Everyone is a photographer everywhere right now-however, self-identified photographers and artists are using large and medium format film cameras, digital cameras, iPhones, video and of course, we are all on social media, especially Instagram, where I see a lot of great work.

I think there is a lot of great talent in Greece- I personally know many talented Greek photographers-Haris Panagiotakopoulos, Eva Voutsaki, Georgia Matsamaki,and Charalampos Kydonakis, aka Dirty Harry, all from Crete and I also love the images of Stavros Stamatiou, who has been interviewed by

I think the stance in the art world today in the US is in the conceptual camp of photography and there is less interest in street photography and strict documentary photography. Although photographers such as Magnum’s Alec Soth have been wildly embraced by the art world even though his work in Sleeping by the Mississippi was inspired by the great documentary photographer Walker Evans.

What do you think of photography and its use in social media helps or disfavors the artist or even the art of so frequent exposure?

I think social media is very important but must be used sparingly- I do not look at selfies and dismiss those images and those photographers. There is very interesting work posted on Instagram- I try to follow the photographers who ‘curate’ their Instagram feeds, taking great care to consider which images they upload- how they go together etc. I use Instagram to promote my student workshops-Last year I was invited to take over the Instagram feed for @lensculture and used this opportunity to show my student’s photographs from our workshop and this year I was invited to take over the Instagram feed for @everydayeverywhere and this was great, since there are so many everyday sites to choose from!

Would you like to give us some tips for new photographers?

I suggest that new photographers keep their day job and make images because they love doing so. There is no real business in photography, no real money to be made, as there was years ago when I started. But I would also suggest they study the masters and curate their Instagram accounts and form a critique group of people whose work they like. They must keep making images if this is what they want to do. Why not? But do not expect to make money. Do this because you love it.

What are your next plans regarding photography? Have you thought of publishing a photo book with your work from Greece? Maybe an exhibition in America, do you think Americans would be interested? Or is it all about public relations and marketing?

I intend to publish my photographs from Greece in a book, either this year or next. I have yet to sequence the images, and I will try to pre-sell the book. Instagram and Facebook are good ways to communicate this- marketing is very tough. I most likely will exhibit some of the work at the Leica Gallery in Boston in the next year and may exhibit the work in the US. However, exhibitions can be expensive and I would rather travel and photograph and meet new people and visit with my friends in places I have already photographed in.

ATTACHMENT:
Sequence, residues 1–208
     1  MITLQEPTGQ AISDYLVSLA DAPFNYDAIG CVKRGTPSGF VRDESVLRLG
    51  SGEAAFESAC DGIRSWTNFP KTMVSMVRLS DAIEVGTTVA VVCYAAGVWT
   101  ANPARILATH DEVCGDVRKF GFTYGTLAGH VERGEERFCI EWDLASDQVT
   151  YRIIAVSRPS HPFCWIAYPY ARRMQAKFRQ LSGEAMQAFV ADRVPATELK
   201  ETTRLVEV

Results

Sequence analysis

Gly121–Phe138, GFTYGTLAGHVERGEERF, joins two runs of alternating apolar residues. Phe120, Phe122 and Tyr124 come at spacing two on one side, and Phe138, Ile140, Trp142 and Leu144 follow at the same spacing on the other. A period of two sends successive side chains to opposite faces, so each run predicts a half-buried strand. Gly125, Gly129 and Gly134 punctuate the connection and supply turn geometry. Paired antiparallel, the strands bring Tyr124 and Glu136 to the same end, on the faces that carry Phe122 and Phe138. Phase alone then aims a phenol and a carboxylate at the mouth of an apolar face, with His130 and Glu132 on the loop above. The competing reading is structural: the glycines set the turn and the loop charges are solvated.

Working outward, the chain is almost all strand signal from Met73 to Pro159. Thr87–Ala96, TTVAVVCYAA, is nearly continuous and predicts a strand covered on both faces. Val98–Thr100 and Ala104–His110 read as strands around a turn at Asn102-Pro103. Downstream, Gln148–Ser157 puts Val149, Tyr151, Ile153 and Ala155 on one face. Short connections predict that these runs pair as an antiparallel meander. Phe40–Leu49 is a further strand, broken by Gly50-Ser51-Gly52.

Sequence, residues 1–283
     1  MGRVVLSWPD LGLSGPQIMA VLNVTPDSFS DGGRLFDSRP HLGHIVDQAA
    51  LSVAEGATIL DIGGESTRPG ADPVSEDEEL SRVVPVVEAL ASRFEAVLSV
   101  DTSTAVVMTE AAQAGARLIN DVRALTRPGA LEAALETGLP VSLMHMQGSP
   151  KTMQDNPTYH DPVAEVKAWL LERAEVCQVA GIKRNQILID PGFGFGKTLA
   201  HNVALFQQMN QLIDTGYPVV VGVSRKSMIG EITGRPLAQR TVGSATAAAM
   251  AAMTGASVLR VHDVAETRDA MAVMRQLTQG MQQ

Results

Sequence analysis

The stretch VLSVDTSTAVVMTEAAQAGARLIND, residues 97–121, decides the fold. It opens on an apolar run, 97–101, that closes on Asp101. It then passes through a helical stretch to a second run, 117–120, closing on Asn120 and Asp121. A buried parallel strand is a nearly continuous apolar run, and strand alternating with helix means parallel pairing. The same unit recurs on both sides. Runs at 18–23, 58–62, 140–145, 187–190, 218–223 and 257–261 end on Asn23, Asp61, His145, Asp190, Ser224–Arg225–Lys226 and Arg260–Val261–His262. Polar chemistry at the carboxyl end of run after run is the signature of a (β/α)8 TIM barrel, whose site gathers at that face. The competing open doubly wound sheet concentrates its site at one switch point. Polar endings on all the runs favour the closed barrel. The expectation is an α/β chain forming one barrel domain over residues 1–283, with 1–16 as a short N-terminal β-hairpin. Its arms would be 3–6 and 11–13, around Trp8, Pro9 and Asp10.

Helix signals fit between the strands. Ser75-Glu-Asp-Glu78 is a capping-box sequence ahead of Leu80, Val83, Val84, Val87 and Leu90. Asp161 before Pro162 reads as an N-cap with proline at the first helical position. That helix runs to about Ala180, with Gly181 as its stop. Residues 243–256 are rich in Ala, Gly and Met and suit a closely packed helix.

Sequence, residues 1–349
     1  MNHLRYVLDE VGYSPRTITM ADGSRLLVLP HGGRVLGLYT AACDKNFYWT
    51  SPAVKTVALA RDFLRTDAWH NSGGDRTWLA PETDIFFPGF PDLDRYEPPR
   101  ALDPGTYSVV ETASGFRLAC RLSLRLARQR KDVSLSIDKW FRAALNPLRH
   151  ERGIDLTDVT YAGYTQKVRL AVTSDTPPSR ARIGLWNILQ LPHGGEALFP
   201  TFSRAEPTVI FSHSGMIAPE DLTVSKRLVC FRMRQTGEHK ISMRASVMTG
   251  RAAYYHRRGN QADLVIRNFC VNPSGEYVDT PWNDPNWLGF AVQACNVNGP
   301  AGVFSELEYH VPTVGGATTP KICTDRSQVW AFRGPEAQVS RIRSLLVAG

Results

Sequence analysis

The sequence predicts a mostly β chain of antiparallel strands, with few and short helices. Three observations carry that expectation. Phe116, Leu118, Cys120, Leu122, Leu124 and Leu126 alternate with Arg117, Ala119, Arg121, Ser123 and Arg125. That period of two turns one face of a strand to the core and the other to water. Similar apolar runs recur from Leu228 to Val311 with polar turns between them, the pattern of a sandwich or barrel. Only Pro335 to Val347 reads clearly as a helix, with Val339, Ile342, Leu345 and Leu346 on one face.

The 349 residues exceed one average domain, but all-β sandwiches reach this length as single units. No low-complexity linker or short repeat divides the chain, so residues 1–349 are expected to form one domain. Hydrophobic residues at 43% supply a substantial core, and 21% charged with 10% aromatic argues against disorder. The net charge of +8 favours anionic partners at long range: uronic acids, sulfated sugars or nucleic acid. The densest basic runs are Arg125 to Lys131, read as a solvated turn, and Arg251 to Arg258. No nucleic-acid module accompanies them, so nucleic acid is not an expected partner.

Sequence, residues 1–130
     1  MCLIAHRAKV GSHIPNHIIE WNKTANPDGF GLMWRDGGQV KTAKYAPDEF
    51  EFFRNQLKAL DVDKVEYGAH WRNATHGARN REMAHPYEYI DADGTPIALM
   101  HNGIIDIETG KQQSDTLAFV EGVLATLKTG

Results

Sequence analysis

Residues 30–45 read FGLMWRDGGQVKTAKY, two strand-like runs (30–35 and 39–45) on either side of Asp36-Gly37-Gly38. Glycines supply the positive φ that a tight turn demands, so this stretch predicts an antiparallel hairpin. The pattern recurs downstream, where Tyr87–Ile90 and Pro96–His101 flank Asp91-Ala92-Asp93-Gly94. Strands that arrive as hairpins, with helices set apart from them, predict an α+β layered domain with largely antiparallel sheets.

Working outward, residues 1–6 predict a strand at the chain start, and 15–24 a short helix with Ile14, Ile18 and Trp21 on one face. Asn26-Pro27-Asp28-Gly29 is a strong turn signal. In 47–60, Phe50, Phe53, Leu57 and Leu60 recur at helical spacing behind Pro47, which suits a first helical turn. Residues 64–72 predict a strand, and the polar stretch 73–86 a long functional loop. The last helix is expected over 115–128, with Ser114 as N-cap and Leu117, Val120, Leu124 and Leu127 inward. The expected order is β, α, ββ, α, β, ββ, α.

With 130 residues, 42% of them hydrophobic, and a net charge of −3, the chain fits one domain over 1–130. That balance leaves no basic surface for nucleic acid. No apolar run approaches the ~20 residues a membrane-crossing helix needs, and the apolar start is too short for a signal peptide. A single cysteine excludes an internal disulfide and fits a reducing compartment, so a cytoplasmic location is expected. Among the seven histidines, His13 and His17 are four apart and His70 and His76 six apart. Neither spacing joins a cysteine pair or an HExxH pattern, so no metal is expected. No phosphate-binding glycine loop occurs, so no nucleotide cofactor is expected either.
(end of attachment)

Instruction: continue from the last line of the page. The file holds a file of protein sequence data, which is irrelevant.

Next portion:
What means photography to you, how does this engagement change your life?

Photography has definitely changed me- I was a rather shy person and photography helped me overcome my shyness and gave me the passport to go out in the world and talk to everyone. For me, the relationships I have made via making my photographs are far more important to me than the photographs themselves.

Which photo comes first to your mind when you hear the word Greece?

The photograph of a grandmother, a yaya, in a house coat. When I think of Greece, I think of my grandmothers.

My work can be seen on my website at: and on Instagram

Photo credit: Dominic Chavez 

Short bio

Stella Johnson is a photographer and educator known for her passionate and honest documentary projects. She received a Core Fulbright Scholar Grant to photograph in Mexico in 2003, and Fulbright Senior Specialist grants to teach in Mexico in 2006 and in Colombia in 2018. The University of Maine Press published her monograph, Al Sol: Photographs from Mexico, Cameroon and Nicaragua in 2008. Johnson’s photographs have been widely exhibited in the United States and internationally.

A dedicated educator, Johnson holds teaching positions at Boston University and Lesley University College of Art and Design. She also teaches workshops in Greece, Cuba, and Mexico. She was a 2013 finalist for the Massachusetts Cultural Council Artist Fellowship, Photolucida Critical Mass Top 50, and a nominee for the Boston Foundation’s Brother Thomas Fellowship. Johnson’s work has received numerous honors including a New England Foundation for the Arts Cultural Collaborative Artist-in-Residence Grant and Julia Margaret Cameron Award.

Johnson holds a BFA from The San Francisco Art Institute and an MS in Journalism from Boston University. Her work is held in public collections including The DeCordova Museum and Sculpture Park, The Haggerty Museum of Art, The Museum of Fine Arts, Houston, The Portland Museum of Art, and The Southeast Museum of Photography, among others.